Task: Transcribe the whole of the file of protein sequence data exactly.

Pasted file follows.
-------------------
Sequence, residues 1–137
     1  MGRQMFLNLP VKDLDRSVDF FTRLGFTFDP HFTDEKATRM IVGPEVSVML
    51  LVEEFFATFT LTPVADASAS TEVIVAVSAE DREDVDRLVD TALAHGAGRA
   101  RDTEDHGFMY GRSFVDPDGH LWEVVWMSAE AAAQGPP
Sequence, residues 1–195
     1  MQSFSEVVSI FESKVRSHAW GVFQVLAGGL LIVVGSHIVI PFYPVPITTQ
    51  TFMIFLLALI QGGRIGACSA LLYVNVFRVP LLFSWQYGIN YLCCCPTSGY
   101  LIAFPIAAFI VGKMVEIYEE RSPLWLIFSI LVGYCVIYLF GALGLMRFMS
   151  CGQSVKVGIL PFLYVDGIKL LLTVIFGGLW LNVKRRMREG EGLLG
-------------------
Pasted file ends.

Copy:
Sequence, residues 1–137
     1  MGRQMFLNLP VKDLDRSVDF FTRLGFTFDP HFTDEKATRM IVGPEVSVML
    51  LVEEFFATFT LTPVADASAS TEVIVAVSAE DREDVDRLVD TALAHGAGRA
   101  RDTEDHGFMY GRSFVDPDGH LWEVVWMSAE AAAQGPP
Sequence, residues 1–195
     1  MQSFSEVVSI FESKVRSHAW GVFQVLAGGL LIVVGSHIVI PFYPVPITTQ
    51  TFMIFLLALI QGGRIGACSA LLYVNVFRVP LLFSWQYGIN YLCCCPTSGY
   101  LIAFPIAAFI VGKMVEIYEE RSPLWLIFSI LVGYCVIYLF GALGLMRFMS
   151  CGQSVKVGIL PFLYVDGIKL LLTVIFGGLW LNVKRRMREG EGLLG